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Healthy Babies, Toddlers Must be Higher California Priority

By   /  March 9, 2017  /  No Comments

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A new report recommends ways that California policymakers could improve outcomes for the state's children and toddlers. (ulkare/istockphoto)
A new report recommends ways that California policymakers could improve outcomes for the state’s children and toddlers. (ulkare/istockphoto)

SACRAMENTO, Calif. – Less than 10 percent of California toddlers and infants who are eligible for subsidized child care actually get it. That’s one statistic in a new report that spells out ways to improve the growth and development of the state’s youngest residents.

The research is from the nonprofit group Children Now, where managing director and co-author Stacy Lee says the state’s complex web of programs is disjointed. She says that makes it difficult for families to enroll, and the report calls for a more comprehensive approach.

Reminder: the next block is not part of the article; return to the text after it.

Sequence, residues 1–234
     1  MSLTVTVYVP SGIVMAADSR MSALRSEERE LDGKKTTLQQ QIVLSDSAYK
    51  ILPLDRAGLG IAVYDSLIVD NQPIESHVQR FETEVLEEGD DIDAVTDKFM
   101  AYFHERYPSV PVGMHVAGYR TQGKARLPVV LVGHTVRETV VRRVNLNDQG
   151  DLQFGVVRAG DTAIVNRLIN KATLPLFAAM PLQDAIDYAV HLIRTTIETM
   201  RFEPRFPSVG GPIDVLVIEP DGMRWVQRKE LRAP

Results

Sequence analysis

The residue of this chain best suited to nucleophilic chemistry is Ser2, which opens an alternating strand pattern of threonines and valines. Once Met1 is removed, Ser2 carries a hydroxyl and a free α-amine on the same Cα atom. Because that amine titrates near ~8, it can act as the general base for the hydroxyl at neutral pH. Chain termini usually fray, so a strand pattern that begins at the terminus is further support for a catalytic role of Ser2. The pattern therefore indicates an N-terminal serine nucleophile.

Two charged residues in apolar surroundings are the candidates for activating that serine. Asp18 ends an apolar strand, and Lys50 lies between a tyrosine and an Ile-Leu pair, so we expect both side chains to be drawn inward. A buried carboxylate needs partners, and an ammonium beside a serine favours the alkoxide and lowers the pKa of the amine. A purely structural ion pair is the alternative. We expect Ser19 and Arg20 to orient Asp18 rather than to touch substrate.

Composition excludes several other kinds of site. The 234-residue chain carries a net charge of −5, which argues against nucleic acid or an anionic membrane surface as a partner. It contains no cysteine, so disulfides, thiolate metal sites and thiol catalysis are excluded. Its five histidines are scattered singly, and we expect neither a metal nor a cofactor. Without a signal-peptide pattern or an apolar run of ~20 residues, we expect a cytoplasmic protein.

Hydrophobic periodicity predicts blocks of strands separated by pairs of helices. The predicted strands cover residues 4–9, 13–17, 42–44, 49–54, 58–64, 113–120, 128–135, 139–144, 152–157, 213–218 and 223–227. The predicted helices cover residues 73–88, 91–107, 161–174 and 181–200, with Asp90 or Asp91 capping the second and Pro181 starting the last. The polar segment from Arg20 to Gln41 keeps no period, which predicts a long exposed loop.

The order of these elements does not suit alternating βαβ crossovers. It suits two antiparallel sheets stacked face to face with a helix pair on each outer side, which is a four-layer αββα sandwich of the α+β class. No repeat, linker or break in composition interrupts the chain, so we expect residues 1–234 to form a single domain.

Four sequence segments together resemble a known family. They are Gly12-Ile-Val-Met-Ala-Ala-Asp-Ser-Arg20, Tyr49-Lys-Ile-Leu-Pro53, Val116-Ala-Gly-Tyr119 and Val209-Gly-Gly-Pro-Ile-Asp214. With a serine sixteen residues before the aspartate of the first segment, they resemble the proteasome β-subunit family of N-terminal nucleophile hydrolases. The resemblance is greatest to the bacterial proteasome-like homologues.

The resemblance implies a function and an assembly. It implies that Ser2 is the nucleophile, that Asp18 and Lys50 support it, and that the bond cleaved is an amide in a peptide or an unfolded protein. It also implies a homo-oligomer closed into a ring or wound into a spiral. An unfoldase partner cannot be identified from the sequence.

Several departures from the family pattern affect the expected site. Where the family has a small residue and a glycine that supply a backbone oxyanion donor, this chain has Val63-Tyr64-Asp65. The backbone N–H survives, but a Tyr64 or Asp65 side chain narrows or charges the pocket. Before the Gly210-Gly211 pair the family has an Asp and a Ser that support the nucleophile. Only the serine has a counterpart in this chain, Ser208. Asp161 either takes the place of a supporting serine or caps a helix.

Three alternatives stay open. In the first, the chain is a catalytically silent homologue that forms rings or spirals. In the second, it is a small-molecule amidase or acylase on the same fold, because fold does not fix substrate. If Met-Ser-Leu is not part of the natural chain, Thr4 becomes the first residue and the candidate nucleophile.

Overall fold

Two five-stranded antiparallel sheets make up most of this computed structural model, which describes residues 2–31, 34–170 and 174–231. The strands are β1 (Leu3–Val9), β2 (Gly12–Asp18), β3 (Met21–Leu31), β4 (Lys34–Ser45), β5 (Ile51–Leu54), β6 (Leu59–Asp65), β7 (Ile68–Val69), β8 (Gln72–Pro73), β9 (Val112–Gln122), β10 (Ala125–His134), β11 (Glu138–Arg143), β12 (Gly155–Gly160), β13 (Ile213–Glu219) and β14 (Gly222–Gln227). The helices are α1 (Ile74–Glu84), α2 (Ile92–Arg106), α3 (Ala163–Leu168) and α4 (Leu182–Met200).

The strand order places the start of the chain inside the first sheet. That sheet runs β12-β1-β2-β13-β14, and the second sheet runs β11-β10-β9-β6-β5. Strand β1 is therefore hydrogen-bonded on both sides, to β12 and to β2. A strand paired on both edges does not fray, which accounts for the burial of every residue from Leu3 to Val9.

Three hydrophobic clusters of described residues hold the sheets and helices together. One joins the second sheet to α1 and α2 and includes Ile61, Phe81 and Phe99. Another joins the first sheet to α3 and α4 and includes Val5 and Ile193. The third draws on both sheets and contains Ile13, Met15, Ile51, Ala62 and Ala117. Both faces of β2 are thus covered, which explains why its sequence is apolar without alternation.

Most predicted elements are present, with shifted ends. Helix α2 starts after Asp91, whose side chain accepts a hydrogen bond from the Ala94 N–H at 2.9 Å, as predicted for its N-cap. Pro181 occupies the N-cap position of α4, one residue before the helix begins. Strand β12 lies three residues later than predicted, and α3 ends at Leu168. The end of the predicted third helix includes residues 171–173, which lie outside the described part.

“So, it’s taking more of an equity lens and prioritizing those who are most vulnerable first, making the systems more streamlined and coordinated,” she explained. “And then, we obviously need to find some additional revenue, because this age group is pretty poorly invested in.”

The researchers found that 62 percent of California’s two million babies and toddlers were born into low-income families. The state ranked 47th out of 50 in the most recent Kids Count report for economic well-being, affected by factors such as numbers of children in poverty, parents with unstable employment and high housing costs.

Lee says the state cut a billion dollars from childcare and preschool programs during the Recession and still hasn’t fully restored the cuts. She’s convinced that Governor Jerry Brown hasn’t made this issue enough of a priority.

“We are at the bottom tier of a lot of measures when it comes to access and quality of services for children in the early years,” she said. “And that’s unfortunate because, with a state that has such a robust economy, with innovative leaders across many sectors, it’s a problem we can solve.”

Lee says she hopes that agency heads across state government will follow the recommendations in the report to improve coordination and make the system easier to use, so it can reach more children in need.

Suzanne Potter, Public News Service (CA)

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